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Fish Processing

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This book seeks to address the challenges facing the international seafood industry via a two pronged approach: by offering the la... Weiterlesen
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This book seeks to address the challenges facing the international seafood industry via a two pronged approach: by offering the latest information on established technologies and introducing new ideas and technologies. An introductory chapter sets the tone for the book by presenting the background against which fish processing will exist in the near future. Chapter two looks at the environmental and sustainability issues relating to conventional fish processing, including processing efficiency and better use of the outputs currently considered wastes. The impact of mechanisation and computerisation on environmental sustainability is also addressed. Subsequent chapters examine the latest developments in established fish processing technologies such as canning, curing, freezing and chilling, with an emphasis on the environmental aspects of packaging and the process itself. In addition, quality and processing parameters for specific species, including new species, are described.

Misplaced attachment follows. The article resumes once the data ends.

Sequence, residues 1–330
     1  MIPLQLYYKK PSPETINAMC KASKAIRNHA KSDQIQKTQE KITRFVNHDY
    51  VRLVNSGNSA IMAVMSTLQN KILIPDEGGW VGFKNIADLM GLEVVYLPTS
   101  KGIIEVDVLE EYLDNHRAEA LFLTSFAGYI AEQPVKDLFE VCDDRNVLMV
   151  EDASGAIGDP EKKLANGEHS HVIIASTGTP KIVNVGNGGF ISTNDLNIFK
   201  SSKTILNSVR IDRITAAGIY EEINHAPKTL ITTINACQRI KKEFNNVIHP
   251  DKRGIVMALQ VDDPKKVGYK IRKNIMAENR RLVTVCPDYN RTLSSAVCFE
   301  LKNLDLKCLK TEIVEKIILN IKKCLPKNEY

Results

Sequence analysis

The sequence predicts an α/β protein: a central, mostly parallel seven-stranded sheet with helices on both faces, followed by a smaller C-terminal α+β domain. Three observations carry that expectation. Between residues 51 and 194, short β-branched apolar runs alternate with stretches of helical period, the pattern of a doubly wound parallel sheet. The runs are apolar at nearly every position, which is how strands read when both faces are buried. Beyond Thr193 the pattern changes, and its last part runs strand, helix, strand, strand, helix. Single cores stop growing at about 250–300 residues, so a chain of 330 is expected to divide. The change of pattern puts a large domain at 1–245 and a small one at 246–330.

The second part of the book gives authors the opportunity to introduce the potential technologies and applications of the future to a wider audience. These include fermented products and their acceptance by a wider audience; the utilisation of fish processing by-products as aquaculture feeds; and the use of by-products for bioactive compounds in biomedical, nutraceutical, cosmetic and other applications.

Dr George M. Hall, Research Fellow, Centre for Sustainable Development, University of Central Lancashire, Preston, UK


About the Editor